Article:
I've blogged before about how a novel exists whole in my consciousness long before I write it down. In Bodies crying out I described how my nameless new novel landed in my lap last February and, more recently, in Are you listening? I was wondering aloud if you could think that this whole, complete entity of a story sets about making the writer it will need if it's to be written. But it's always been very clear to me, in the kind of physical, gut-level certainty that tells you, for instance, whether you're going to be able to balance on something, that this entity isn't verbal. It exists quite independently of words.
And it's true of writing at the micro as well as the macro level. I've always known that I don't photograph the same things that I write about, and that on the whole an experience demands either my notebook, or my camera, but not both. This first became clear to me after one of the wonderful writing-soaked workshop weekends which are how the MPhil at Glamorgan operates. Since we were only an hour or so's drive from the Brecon Beacons National Park, what could be better than spending the following day on a horse before I had to trundle back to boring old England? We were riding the length of the valley about half-way up one side, and gazing across to the other. It was patched with acid green grass and rust-coloured heather, while the earth was an astonishing dark red. Far below were trees and rocks which betrayed a stream we couldn't see but only hear, along with the soft thud of hoofs and creak and jingle of harness, and looking down I saw a heron cruising above the trees, so close I could see the white stripe across the upper side of its wings. From force of habit, I started to do what I've just done here: turn the moment into words. And then I realised I was translating: the experience had not been verbal. It had been pure right-brain, just as (maybe because) riding is a very right-brained activity: simultaneous, sensory, non-linear, a-logical. In one sense, the most faithful translation of that moment would have been simply: 'is'.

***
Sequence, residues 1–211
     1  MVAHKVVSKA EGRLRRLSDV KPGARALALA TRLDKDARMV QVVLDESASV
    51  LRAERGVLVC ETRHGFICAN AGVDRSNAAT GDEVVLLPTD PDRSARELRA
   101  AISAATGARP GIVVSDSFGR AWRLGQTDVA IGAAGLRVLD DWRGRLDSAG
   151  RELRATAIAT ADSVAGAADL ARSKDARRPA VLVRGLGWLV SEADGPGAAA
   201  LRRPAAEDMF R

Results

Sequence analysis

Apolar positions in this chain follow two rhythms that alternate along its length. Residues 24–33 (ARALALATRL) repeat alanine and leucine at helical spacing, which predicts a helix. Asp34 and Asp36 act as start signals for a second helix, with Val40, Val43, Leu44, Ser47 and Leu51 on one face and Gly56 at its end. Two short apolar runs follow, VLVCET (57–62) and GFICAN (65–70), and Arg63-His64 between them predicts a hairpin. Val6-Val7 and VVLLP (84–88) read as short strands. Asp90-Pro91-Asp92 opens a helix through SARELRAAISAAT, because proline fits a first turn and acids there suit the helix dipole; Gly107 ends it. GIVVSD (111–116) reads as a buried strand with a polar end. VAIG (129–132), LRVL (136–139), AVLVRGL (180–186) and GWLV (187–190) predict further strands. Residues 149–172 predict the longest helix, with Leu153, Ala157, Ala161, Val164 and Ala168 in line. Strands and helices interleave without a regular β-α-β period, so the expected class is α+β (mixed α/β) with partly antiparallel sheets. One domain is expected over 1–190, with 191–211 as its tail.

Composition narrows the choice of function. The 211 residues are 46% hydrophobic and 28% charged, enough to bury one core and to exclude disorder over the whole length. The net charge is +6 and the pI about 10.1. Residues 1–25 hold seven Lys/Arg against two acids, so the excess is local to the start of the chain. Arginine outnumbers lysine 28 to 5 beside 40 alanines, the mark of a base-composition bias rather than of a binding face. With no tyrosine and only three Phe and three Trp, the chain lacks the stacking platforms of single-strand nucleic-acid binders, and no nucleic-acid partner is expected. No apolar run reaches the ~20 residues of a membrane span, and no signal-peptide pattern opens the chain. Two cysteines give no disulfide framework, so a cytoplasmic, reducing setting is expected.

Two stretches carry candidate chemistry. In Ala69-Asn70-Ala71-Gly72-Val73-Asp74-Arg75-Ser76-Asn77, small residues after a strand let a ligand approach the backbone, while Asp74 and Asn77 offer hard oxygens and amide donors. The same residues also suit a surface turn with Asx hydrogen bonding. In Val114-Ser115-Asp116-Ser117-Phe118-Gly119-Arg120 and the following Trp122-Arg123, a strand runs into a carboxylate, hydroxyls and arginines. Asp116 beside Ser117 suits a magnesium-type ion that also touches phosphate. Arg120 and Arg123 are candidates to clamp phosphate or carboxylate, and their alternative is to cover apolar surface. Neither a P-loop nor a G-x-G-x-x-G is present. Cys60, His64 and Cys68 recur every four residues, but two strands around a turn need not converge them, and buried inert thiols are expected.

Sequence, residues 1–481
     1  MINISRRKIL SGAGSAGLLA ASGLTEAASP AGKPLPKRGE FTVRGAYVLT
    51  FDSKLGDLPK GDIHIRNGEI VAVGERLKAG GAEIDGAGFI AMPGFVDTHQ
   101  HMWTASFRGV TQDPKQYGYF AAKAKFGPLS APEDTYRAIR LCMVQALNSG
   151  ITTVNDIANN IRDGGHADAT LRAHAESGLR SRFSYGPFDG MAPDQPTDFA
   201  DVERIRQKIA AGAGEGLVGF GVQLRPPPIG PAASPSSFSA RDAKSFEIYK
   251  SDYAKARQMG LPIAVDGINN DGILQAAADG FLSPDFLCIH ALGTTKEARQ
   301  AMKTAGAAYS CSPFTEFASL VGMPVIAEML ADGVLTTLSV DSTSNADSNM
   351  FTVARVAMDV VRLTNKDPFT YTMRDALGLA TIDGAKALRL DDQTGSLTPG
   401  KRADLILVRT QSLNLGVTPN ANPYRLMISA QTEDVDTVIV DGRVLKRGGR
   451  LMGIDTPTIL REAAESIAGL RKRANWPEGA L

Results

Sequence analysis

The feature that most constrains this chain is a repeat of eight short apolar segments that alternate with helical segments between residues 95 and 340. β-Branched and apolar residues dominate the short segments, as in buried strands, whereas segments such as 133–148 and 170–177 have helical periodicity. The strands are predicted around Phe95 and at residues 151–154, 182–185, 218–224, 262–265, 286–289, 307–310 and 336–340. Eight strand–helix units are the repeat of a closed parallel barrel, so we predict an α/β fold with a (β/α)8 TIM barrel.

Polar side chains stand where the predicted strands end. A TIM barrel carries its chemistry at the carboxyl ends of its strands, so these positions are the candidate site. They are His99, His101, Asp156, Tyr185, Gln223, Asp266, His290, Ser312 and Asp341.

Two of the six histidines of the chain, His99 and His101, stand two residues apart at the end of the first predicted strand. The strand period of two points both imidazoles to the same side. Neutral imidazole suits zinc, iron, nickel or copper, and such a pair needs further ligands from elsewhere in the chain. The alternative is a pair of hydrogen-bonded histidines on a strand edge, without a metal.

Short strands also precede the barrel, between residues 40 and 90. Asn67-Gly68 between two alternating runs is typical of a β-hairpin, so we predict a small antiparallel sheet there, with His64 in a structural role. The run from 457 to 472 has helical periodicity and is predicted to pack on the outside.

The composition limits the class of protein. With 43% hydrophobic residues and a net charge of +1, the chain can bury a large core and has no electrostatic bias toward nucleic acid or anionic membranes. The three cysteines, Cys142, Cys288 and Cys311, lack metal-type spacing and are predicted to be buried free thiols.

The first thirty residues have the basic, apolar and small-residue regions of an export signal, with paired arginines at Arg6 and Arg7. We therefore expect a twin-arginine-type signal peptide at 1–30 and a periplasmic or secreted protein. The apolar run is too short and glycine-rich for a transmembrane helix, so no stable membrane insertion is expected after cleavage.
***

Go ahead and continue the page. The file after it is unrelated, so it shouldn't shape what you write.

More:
So while it's clear that tigers would have existed whether or not Adam had got round to calling them that, I've always been troubled by a fundamental tenet of Theory, and its offspring literary theory, which at its most extreme (as explained by Jonathan Culler in his life-saving Very Short Introduction to Literary Theory) maintains that 'the language we speak determines what we can think'. I just don't think it's true. Yes, I'd have trouble distinguishing the fourteen different types of snow, let alone explaining the distinction. But that doesn't mean my senses couldn't apprehend them, if I took the time to look and touch well enough. If my life depended on the distinctions, as it does for the Inuit, then I'd learn pretty fast, although, yes, I'd probably make up names in order to hold on to my distinctions.
This tenet seems to have become so much a given these days, among scholars who think about literature and culture, that you feel ignorant and un-enlightened if it isn't a given for you. So it's been a joy to discover that there are plenty of people in the world who know exactly what I mean. I've only just started a book which is all about such moments, but I'm hooked. Sparks of Genius is subtitled 'The 13 thinking tools of the world's most creative people' which makes it sound like the most ghastly how-to management book, but it's much, much more interesting than that. And where does it start? With the 'pre-verbal' intuition which is the basis of all thinking. As Georgia O'Keefe put it, 'even if I could put down accurately the thing I saw and enjoyed, it would not give the observer the kind of feeling it gave me. I had to create an equivalent for what I felt about what I was looking at.' There isn't room here to repeat the other examples the book gives of this experience, but the roster is long and distinguished, from Einstein to LeGuin by way of Stephen Spender, Bridget Riley, Richard Feynman and T S Eliot. I haven't even got as far as the composers - and now the supper needs cooking. But I think even that lot will do as witnesses that 'is' really exists, don't you?